If You Want To Feel Alive

Hello Hero,

How do you know you’re “up to the task?”

This question is at the heart of your journey, and how we address it matters deeply.

If it’s a task you’ve got a lot of experience with, you’ll probably say, “I know I’m up to the task because I’ve done this a thousand times before.”

A lot of our life is like that. Brushing our teeth. Making a phone call. Getting dressed.

These tasks are no big deal.

How many tasks are you taking on right now that elicit the opposite response: “I don’t know if I’m up to the task.”

Zero is too few, and five is probably too many.

But somewhere between those two numbers might be a nice place to be if you want to grow. If you want to feel alive.

There’s a trick to this. The size of the task doesn’t matter. What matters is whether or not you believe you’re up to the task.

Belief is a powerful muscle when exercised.

Just think, there was a time when you didn’t know how to brush your teeth or make a phone call or get dressed by yourself. But you learned how to do all these things that now seem like the most mundane everyday tasks.

Can you visualize the little you who buttoned up a shirt for the first time? Can you see how excited that little person is? Doesn’t that excitement make you feel like you can take on the next task that you haven’t done yet?

Also, remember someone helped you learn how to button that shirt.

So, how do you know you’re up to the task?

Because you stepped up to the last one, you know it’s in you to try, and you know you have a chance to succeed. Sometimes it’s the small tasks that create that spark that matter the most.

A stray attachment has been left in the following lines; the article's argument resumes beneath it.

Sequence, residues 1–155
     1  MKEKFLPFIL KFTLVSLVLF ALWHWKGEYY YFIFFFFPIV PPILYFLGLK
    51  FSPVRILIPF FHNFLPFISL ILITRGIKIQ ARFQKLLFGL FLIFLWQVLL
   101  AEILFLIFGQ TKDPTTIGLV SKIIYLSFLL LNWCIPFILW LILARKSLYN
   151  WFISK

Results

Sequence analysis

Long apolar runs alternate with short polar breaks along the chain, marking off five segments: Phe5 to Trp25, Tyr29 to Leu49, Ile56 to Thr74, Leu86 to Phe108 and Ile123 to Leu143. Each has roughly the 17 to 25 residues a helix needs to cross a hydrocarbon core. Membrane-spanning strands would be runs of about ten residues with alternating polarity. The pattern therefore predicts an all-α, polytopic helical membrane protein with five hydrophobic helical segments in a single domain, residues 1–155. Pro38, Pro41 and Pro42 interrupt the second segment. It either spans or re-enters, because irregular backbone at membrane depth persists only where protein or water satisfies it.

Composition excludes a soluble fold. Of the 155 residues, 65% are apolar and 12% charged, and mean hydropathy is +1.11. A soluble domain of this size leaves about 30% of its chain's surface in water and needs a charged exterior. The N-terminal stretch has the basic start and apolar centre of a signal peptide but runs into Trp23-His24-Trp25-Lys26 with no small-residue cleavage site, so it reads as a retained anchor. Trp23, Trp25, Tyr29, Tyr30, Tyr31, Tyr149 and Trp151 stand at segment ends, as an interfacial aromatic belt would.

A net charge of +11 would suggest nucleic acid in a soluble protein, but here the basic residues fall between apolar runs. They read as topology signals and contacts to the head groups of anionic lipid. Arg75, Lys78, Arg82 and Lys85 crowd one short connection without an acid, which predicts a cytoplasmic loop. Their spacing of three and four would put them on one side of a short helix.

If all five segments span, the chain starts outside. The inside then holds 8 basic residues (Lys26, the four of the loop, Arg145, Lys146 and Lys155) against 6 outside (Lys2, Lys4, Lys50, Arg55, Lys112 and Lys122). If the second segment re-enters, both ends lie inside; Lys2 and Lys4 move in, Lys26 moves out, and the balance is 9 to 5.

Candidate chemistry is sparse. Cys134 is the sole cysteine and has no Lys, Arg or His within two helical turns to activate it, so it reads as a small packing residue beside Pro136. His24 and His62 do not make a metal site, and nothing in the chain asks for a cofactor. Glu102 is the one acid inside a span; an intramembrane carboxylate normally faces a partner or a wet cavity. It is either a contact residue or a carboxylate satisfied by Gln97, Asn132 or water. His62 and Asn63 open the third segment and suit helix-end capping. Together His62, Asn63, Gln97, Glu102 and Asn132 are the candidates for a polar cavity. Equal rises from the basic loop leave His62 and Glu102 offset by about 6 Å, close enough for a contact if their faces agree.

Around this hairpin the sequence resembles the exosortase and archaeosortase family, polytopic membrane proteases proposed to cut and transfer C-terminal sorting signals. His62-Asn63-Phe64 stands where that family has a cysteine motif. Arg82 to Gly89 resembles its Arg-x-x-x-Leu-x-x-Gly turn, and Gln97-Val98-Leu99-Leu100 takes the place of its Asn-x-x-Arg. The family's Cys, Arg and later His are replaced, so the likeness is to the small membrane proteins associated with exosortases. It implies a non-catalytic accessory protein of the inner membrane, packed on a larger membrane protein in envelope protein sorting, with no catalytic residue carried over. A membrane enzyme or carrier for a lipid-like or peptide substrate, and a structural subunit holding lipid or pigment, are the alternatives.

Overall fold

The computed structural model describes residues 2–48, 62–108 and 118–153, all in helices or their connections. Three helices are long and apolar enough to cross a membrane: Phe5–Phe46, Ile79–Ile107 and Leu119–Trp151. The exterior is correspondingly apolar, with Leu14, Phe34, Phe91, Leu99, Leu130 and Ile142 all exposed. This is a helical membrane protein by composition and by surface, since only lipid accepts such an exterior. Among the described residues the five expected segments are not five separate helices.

On Saturday, I did something I wasn’t quite sure I was up to. I competed in a Brazilian jiu-jitsu (BJJ) tournament in Bowling Green, KY, at the National Corvette Museum. The last time I competed in anything like this, I was a 17 year old high school wrestler. That was 27 years ago.

While I was there, I thought about how I ended up at this thing. I started thinking about all the decisions I’d made over the last ten years that would allow me to be able to participate in such an event at 44 years of age. All of the people in my life who helped me turn my health around. My doctors, my trainers, my coaches and martial arts masters. I thought about the skillset I developed as a child and all the adults who invested in me then so that my body would be adept at grappling today.

Of course, I was nervous, but I was far more grateful than I was nervous. I was grateful for all of that, and finding the courage to compete after just three months of training. I was grateful that I was able-bodied, which alone felt like a reason to try.

Rachel was kind enough to make the trip with me and take care of me while I prepared for the matches. My friend Keith who has been training in BJJ for two years, was kind enough to be in my corner and coach me through my matches. And other teammates were there supporting me and giving me guidance throughout the day.

I had so much support, but only I could step out on the mat to fight when they called my name.

Three matches, all hard, all won. I won my first tournament.

As happy as I was to win, I walked away humbled by the entire experience. Humbled by how hard it was for me to win. By how close I came to not winning (I won the last match in overtime). By how many mistakes I made. By how winded I was when I thought I was in good shape. By how much I had to learn.

I didn’t feel like I was better than the men I fought, but I felt like I grew.

I felt alive. And for that, I was incredibly grateful.

How did I know I was up for the task?

I didn’t. But I would never know if I didn’t try. That’s true of us all.

Try again today.

Have a grateful day, my friend.

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